The purpose of this study is to clarify whether olivine phenocrysts that crystallized from basaltic magmas contain abundant dislocations, and especially, whether the SG-like structures in these olivine phenocrysts are of deformation origin. To this end, we carried out a detailed investigation of dislocation substructures in olivine phenocrysts from two Hawaiian basalts by means of optical microscopy and SEM (scanning electron microscopy) observations of decorated olivine. In particular, we also used transmission electron microscopy (TEM) to analyze the dislocation features in grain interiors and SG-like structures of olivine prepared by the traditional ion thinning method and the novel focused ion beam (FIB) method, respectively.

  • The two Hawaiian basalt samples, one from the O'ahu Island and the other from the Big Island, used for this study had been previously investigated by Wen et al. (2018). They are both tholeiitic lavas with SiO2 of 46.99 wt.%–47.38 wt.% and Na2O+K2O of 1.49 wt.%–2.61 wt.% (Wen et al., 2018). The major-element compositions of the olivine phenocrysts from these two basalts were also reported by Wen et al. (2018).

    To reveal dislocation substructures in the olivine phenocrysts, we first employed the oxidation decoration technique following Kohlstedt et al. (1976). The basic principle of this method is that during firing in air, FeO in olivine is oxidized to Fe2O3, which precipitates at dislocations and thus making them visible using optical microscopy or SEM. This method had been widely used to investigate dislocation substructures in naturally and experimentally deformed olivine (Park and Jung, 2014; Hanson and Spetzler, 1994; Bai and Kohlstedt, 1992; Gueguen, 1977). The detailed procedure for dislocation decoration in this study is as follows. The samples were first cut to rock slabs of ~3.5×2×1 cm3 and polished on one side (~3.5×2 cm2 in area) to within 0.05 μm using alumina slurry. The rock slabs were then put into a muffle furnace with the polished surface upward. The temperature was increased to 900 ℃ with a ramp rate of ~7 ℃/min and hold for 30 min. After slowly cooled down to room temperature, the rock slabs were taken out and attached with their polished surface to glass slides using epoxy resin. The thin sections were then prepared in sequence by cutting, grinding, and polishing to within 0.05 μm using alumina slurry.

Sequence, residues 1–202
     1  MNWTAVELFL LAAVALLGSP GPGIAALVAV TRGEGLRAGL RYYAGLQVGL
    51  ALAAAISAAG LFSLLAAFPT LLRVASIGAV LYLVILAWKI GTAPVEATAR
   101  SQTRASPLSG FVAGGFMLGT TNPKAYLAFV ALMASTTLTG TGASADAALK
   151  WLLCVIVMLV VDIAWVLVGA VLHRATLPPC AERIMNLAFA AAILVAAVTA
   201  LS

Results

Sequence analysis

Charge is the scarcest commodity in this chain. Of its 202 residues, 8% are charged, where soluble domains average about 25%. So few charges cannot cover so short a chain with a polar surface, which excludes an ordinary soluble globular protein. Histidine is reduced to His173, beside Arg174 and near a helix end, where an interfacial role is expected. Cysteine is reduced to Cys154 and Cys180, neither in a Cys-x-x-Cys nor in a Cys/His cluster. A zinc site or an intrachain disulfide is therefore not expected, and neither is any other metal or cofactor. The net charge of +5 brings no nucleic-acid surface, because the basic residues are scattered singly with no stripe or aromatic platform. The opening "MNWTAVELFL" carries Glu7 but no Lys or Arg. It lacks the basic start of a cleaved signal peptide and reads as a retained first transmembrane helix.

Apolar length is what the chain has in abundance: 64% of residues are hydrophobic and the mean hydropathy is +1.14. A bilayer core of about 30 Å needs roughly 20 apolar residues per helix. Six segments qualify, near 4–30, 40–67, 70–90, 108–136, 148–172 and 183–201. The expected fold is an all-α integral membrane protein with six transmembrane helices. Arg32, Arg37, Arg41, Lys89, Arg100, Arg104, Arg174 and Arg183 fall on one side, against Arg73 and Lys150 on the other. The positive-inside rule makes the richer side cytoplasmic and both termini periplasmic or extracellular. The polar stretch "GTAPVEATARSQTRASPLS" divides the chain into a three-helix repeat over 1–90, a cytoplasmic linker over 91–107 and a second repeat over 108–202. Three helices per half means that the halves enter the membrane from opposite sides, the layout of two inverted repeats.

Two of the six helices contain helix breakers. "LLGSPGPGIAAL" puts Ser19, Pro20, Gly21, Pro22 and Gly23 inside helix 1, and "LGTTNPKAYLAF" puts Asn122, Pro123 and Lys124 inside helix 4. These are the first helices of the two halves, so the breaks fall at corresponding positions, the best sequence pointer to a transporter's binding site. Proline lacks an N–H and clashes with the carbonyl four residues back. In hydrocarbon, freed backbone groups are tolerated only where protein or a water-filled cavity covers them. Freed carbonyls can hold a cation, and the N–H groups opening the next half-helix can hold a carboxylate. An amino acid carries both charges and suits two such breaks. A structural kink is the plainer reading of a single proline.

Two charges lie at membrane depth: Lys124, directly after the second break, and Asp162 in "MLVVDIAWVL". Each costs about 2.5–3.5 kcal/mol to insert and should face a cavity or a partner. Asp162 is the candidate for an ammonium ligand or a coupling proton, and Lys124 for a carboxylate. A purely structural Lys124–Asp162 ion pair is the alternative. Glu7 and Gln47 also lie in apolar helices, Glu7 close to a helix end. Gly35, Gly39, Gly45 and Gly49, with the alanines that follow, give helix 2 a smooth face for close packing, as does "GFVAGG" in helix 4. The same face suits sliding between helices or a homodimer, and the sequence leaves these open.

Our observations of dislocations were made by a combination of optical and SEM, with the latter greatly improving the spatial resolution (Karato and Sato, 1982). SEM observations of dislocations were conducted using a Quanta 450 field emission gun scanning electron microscope housed at the State Key Laboratory of Geological Processes and Mineral Resources, China University of Geosciences (Wuhan) (GPMR-CUGW). The operating conditions are an acceleration voltage of 15 kV and a beam current of 20 nA. To reveal the intracrystalline misorientation, we also performed electron backscatter diffraction (EBSD) analyses on the decorated olivine grains. EBSD patterns were collected automatically by a NordlysNano detector and processed using the Aztec software. The operation conditions during EBSD analyses were a working distance of 23–25 mm, an accelerating voltage of 20 kV, and a spot size of 6.

    The traditional TEM specimens were prepared by a Gatan 656 dimple grinder and a Gatan-600 ion mill for physical and ion thinning, respectively. In addition, we also used FIB technique to prepare TEM specimens to reveal dislocation features in the SG-like structures. The ultra-microstructures of olivine were observed using a Philips CM12 transmission electron microscopy (TEM) at an accelerating voltage of 120 kV, which yields a point-to-point resolution of 0.34 nm and a line resolution of 0.2 nm.

    To estimate the free dislocations density in olivine phenocrysts, 31 electron backscattered images of different positions covering all the decorated thin sections were taken by SEM at a 6 000× magnification. These images were then processed using ImageJ (http://rsbweb.nih.gov/ij/) following the method detailed in Farla et al. (2010). SG-like structures/dislocation walls were excluded in measuring dislocation density. The 3D dislocation density (ρ) was calculated as

    where A is the total area imaged, l0 is the true dislocation line length, and d=6.2×10-7 m was used at 15 kV in this study (Farla et al., 2010).

  • The phenocrysts in the studied samples are mainly composed of randomly-oriented olivine, clinopyroxene, and minor plagioclase (Fig. 1a). The olivine phenocrysts are euhedral and tabular with a grain size of 0.5–2.5 mm and an average axial ratio of 1.6±0.3. Some of them contain inclusions of basaltic glass or plagioclase. SG-like structures are often observed in these olivine phenocrysts (Figs. 1b–1d). No intracrystalline deformation is observed in the clinopyroxene grains.

    Figure 1.  Microphotographs showing petrography and microstructures of olivine phenocrysts from the Hawaiian basalts. (a) Photomicrograph showing the petrographic features of the Hawaiian basalts (plane polarized light). Note the abundant euhedral olivine phenocrysts. (b)–(d) SG-like structures (SGBs) in the olivine phenocrysts (cross polarized light). Cpx. Clinopyroxene; Ol. olivine; Pl. plagioclase.